The government economists who track health care spending put a curious spin on their latest report. In 2005, health care grew 6.9 percent, more than twice the rate of the overall economy. It's now officially a $1.9 trillion sub-economy, 16 percent of gross domestic product, nearly $6,700 for every man, woman and child in America.
The good news is that health care is no longer growing three times faster than the rest of the economy. But does that justify this sentence, found near the tale end of the report in the latest issue of Health Affairs (subscription required): "The current moderation in the rise of the health share of GDP indicates that at least for now, health spending is growing at a rate nearly comparable to that of the rest of the economy."
Huh? Not believing my eyes, I doublechecked the overall GDP growth rate for 2005 at the Bureau of Economic Analysis. It was 3.2 percent. I'm sorry, but if my retirement planner told me that my portfolio had grown 3.2 last year and that was "nearly comparable" to an S&P index increase of 6.9 percent, I'd fire him. Did somebody order them to write that spin?
Okay, forget their analysis. The Center for Medicare and Medicaid Services annual report is a treasure trove of information about who pays the health care tab in the U.S. Out of $1.9 trillion (think of it as 1,900 billion), the public sector (Medicare, Medicaid and federal, state and local governments) accounted for $847 billion or nearly half. Employer health insurance premiums equaled $694 billion and individual out-of-pocket expenses equaled $249 billion. Other private sources like charities make up the rest.
Significantly, public sector spending is growing faster than the private sector. Medicare spending grew 9.3 percent; Medicaid spending grew 7.2 percent; employer premiums grew 6.6 percent; and individual out-of-pocket expenses grew 6.2 percent.
Why? The report suggests the growth of publicly-funded children's health insurance programs and the start of the Medicare Modernization Act spurred public sector increases. It wasn't the drug benefit, which didn't really get going until 2006. Rather, it was the increased payments for Medicare HMOs, which are growing rapidly, and are more costly to Medicare than the traditional fee-for-service program even though they generally cover healthier Medicare beneficiaries.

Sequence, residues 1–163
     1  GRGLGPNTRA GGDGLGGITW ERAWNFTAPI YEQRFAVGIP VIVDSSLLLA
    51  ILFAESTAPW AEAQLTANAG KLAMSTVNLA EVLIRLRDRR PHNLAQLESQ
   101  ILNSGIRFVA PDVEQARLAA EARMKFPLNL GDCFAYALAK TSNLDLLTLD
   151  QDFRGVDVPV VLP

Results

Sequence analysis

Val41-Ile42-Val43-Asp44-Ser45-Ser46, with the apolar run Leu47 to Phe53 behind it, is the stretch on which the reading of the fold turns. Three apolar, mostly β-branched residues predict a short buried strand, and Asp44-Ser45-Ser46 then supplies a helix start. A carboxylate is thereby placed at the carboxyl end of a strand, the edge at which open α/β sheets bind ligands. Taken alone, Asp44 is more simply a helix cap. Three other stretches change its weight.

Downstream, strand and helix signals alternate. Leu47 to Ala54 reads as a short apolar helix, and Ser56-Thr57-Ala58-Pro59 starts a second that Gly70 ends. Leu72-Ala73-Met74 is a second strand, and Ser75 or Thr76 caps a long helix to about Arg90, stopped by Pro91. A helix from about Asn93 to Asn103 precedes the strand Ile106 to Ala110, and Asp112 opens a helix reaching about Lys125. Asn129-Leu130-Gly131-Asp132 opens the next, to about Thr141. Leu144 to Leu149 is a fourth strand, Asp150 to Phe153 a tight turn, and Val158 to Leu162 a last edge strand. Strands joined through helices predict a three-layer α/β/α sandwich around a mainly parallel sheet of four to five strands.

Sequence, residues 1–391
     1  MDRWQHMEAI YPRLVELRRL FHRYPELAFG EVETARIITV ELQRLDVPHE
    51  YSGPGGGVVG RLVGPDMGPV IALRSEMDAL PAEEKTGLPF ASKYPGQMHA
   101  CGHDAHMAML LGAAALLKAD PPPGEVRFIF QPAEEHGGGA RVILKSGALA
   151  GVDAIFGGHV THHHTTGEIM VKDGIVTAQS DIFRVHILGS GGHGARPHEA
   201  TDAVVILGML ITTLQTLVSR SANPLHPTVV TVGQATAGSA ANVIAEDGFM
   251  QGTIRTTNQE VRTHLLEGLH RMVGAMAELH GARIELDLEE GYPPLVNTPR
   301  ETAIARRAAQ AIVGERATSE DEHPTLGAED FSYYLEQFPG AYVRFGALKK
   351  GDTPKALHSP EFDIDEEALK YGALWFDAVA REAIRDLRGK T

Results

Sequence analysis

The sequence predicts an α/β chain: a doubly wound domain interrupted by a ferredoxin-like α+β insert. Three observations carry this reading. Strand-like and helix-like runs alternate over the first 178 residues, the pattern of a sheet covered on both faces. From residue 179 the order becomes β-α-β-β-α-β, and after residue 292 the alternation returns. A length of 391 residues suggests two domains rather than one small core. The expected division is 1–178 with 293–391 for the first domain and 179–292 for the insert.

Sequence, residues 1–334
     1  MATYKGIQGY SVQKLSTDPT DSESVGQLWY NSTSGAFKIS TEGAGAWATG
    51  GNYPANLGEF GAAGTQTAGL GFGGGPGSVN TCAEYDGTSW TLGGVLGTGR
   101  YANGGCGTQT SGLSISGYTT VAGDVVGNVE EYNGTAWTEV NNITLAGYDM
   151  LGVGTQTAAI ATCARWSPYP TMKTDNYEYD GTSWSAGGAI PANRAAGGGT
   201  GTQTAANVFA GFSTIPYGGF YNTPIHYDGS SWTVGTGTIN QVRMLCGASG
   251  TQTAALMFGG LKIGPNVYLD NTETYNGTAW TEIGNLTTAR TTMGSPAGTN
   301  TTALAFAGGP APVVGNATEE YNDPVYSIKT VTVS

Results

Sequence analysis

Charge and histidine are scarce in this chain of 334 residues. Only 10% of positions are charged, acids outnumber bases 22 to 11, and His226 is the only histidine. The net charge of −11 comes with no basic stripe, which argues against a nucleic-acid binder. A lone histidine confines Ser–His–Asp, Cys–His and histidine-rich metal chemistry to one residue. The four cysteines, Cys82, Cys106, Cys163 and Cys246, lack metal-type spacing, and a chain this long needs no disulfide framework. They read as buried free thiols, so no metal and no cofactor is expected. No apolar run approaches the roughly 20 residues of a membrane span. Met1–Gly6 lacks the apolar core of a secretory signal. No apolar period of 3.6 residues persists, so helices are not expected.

I gleaned one more interesting tidbit from the report: Total public sector administrative costs came to $44 billion. Total for the private sector, which was only slightly larger as a share of the overall health care economy, was $98 billion -- more than twice as much.
On the provider side, doctors and hospitals are doing just fine, thank you, wracking up 7.9 percent gains in revenue. Drug spending, on the other hand, grew "only" 5.8 percent to about $200 billion (about 10 percent of overall health care spending), despite the withdrawal of Vioxx and Bextra, which were billion-dollar blockbusters. Don't cry for thee, AstraZeneca.
So what accounts for the unrelenting upward march of health care spending? According to the CMS analysts, increased prices were responsible for fully half the increase in spending; more intensive utilitization of health care services accounted for another third; and the aging of the population (older people use more health services) accounted for the rest.
If this quick overview of the health care sub-economy suggests anything, it is that there is probably enough money ($50 billion plus) in excessive administrative expenses in the private sector that could be recaptured to cover the uninsured. That requires switching to a single-payer system.
But once that is achieved, we're still going to have the problem of health care spending rising at twice the rate of inflation. Reining that in will require curbing the sector's pricing power and having the centralized purchaser carefully scrutinize the true medical value of expensive new technologies and paying accordingly.